St. Frances Cabrini, MSC (1850-1917), the first U.S. citizen to be canonized, is the patron of immigrants. William Green (1873-1952) was for 28 years president of American Federation of Labor (before the merger with CIO). A notorious public housing project in Chicago was named for these two. Ben Austen takes us inside that housing project in High-Risers: Cabrini-Green and the Fate of American Public Housing (Harper Collins, 2018). The project started in 1943 with several row houses in an area… Read more

Subsidiarity is a Catholic social principle that celebrates the multiplicity of small institutions that buffer a person from the mega-forces of big business and big government; institutions like the family, the parish, an ethnic club or the precinct. Brian Dijkema, writing in National Affairs (Winter/18), correctly and refreshingly includes labor unions among those mediating institutions that help families navigate in our wider society and global economy. I say “refreshingly” because in recent times several social policy thinkers who acknowledge the… Read more

  In response to recent disclosures of predatory behavior in several workplaces, human resource departments around the country are redistributing employee handbooks. Likewise, managers are everywhere huddling with employees to review proper deportment. Rule books and company policies are important. They represent an advance over the arbitrary decisions of a boss, even a benevolent boss. Rule books provide a basis for equal treatment. They are often written after some employee input, either through a personnel committee or a union and… Read more

Will the buds of social improvement flower? There are promising signs. People are speaking out for respectful behavior in workplaces. Others are adamant about equal treatment under the law. Some desire better attention to mental health and addiction; still others are sensitive to food and product safety. To turn these and other initial bursts of interest into meaningful social change means avoiding pseudo-change; those activities that feel like social change but only approximate genuine politics. Discussion groups, for example, are… Read more

Every preacher has a sermon ready for this weekend or next in a folder labeled “Keep Christ in Christmas.” The theme is such a cliché that it is better to leave the folder in a file cabinet, away from the pulpit. Ordinary lay people know how to sufficiently navigate December’s commercialism. And who says that Christ is not in the office parties, the shopping for gifts, the decorating, the baking and all the rest? For those who falter, there’s a… Read more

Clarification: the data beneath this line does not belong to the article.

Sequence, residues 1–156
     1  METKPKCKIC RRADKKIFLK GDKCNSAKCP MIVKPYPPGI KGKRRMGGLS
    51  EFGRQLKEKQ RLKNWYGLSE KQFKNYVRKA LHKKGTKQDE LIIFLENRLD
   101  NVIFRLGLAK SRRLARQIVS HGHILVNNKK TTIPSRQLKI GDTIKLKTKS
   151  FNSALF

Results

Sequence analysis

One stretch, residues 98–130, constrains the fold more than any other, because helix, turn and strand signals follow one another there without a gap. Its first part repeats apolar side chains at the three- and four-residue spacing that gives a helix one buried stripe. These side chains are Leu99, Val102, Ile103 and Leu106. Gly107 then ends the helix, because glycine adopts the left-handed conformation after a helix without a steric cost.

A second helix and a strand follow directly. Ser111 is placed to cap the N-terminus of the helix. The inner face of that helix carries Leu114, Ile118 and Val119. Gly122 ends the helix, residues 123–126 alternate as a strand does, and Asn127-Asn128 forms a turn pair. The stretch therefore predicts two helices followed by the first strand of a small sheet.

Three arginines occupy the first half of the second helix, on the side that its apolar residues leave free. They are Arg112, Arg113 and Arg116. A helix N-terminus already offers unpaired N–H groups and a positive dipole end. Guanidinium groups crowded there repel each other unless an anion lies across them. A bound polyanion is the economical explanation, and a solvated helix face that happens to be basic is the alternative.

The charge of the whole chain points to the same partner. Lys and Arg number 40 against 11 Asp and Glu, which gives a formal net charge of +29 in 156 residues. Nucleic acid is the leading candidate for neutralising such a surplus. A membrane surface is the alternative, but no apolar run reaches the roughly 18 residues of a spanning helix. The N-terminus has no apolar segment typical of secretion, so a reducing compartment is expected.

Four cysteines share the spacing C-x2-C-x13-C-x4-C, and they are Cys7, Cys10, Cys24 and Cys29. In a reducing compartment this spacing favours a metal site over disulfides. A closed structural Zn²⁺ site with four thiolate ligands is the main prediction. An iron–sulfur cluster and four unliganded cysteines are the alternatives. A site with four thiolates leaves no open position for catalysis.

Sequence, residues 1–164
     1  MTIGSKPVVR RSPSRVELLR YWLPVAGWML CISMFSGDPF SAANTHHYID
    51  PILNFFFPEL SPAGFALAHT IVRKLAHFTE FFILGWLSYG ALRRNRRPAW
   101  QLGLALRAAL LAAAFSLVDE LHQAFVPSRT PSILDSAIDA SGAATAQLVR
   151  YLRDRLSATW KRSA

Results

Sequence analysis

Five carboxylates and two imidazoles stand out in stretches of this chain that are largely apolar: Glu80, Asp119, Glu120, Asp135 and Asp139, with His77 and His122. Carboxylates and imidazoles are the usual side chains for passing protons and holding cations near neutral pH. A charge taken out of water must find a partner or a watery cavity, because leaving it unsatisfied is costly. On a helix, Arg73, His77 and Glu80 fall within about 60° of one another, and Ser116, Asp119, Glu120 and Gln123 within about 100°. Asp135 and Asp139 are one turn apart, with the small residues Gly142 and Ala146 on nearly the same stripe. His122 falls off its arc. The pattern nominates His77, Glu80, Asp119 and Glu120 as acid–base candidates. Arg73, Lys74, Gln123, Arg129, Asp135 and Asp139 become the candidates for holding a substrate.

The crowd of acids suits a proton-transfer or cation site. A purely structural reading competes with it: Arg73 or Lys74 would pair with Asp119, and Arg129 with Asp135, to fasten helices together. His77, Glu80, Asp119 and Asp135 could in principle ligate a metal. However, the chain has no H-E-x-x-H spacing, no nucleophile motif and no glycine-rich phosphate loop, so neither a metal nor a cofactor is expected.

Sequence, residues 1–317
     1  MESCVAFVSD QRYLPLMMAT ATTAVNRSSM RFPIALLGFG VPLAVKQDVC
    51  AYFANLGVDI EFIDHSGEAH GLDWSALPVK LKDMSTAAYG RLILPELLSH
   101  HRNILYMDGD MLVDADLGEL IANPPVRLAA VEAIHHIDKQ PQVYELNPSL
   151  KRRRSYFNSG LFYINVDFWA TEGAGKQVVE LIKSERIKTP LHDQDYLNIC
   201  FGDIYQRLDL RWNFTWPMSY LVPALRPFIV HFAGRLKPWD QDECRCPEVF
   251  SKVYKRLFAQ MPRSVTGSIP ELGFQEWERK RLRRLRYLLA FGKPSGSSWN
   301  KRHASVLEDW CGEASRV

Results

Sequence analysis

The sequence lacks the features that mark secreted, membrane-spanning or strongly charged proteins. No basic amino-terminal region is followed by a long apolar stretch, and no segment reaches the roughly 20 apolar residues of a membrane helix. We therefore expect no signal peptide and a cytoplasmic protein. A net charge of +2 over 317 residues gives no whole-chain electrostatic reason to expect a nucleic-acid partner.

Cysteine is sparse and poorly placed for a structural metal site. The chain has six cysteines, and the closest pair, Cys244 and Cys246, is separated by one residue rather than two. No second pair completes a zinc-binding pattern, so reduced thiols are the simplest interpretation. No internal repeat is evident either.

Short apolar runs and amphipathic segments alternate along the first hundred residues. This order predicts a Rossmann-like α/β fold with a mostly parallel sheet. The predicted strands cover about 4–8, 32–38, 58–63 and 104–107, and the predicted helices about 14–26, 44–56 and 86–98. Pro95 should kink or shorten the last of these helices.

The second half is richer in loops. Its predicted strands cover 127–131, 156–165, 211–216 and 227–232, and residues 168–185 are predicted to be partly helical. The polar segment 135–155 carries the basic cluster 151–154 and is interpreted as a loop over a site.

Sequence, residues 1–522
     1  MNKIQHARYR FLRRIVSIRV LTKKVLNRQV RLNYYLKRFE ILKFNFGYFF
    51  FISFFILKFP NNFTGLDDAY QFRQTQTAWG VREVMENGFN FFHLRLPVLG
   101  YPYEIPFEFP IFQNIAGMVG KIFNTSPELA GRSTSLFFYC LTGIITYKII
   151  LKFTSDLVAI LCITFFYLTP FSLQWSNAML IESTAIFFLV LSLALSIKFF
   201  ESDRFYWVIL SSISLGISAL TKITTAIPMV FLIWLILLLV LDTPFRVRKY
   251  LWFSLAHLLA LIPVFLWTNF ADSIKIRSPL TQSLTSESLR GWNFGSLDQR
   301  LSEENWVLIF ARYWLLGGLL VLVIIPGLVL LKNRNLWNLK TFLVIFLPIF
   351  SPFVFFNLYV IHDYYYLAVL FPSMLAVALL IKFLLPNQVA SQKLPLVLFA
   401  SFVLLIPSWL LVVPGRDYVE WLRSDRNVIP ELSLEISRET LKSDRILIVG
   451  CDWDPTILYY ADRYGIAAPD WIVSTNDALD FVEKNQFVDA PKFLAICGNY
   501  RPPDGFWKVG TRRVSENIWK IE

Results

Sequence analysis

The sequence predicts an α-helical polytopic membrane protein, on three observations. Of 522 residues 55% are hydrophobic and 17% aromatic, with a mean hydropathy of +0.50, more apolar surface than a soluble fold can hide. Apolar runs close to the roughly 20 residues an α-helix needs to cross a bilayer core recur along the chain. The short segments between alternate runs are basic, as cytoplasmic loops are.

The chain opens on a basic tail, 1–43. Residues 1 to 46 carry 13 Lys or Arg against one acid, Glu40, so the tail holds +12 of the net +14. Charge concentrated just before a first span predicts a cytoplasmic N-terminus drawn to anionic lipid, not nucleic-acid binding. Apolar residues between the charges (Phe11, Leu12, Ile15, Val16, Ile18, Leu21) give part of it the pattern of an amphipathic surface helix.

Contemporaries Karl Marx (1818-1883), Friedrich Engels (1820-1895) and Charles Dickens (1812-1870) were concerned about the social question: Why in an industrial economy that promises upward mobility is there so much misery? By the mid-1800s prosperity was arriving for “factory and mill and transportation interests,” writes Les Standiford in his intriguing biography of Dickens, The Man Who Invented Christmas (Crown, 2008). Suddenly, “a growing number of managerial workers were beginning to enjoy the relative ease of a middle class. But most… Read more

The grocery store was more congested than usual this morning because Christmas has taken over two entire aisles—miniature lights, extension cords, wreaths, decorative boxes, greeting cards and wrapping paper. Plus there are several gift displays at the front and back of several other aisles—trays of chestnuts/hazelnuts/pecans and holiday sausage plus winter ale, which I bought for Thanksgiving and which I’ll get more of later. My regular grocery cashier, who is also a floor manager, mentioned that she spent her first… Read more

Larry Keogh, a fellow teacher at our community college, began each semester by telling his students: “Life is not fair.” He used various techniques and examples to make this point. To master his course (social science) our students needed to ponder this maxim, Keogh believed. They likewise needed it to navigate their careers and their personal lives. Atul Gawande is a surgeon in Boston and author of best-selling Being Mortal (Picador, 2014). He recently interviewed a couple in his Ohio… Read more

Lousy writing is intentional, insists George Orwell (1903-1950). Shoddy writers may not be aware of their bad intentions. But our writing “becomes ugly and inaccurate because our thoughts are foolish,” he continues. And “the slovenliness of our language makes it easier for us to have foolish thoughts.” I was a teacher at a community college for nearly 33 years. I tried to help students be better writers by presenting Orwell’s virtues and vices of writing. I would then ask students… Read more

Back in March 2017 I picked the Dodgers in our usually friendly betting pool. I have admired the team, dating from the era that Roger Kahn describes in The Boys of Summer (Harper Collins, 1971). I wasn’t around to experience the debut of Jackie Robinson (1919-1972) in April 1947. In time, however, I followed Robinson and his teammates. (Full disclosure: the Dodgers were never my absolute favorite team, nor are they now.) 42, Brian Helgeland’s inspiring 2013 movie about Robinson… Read more

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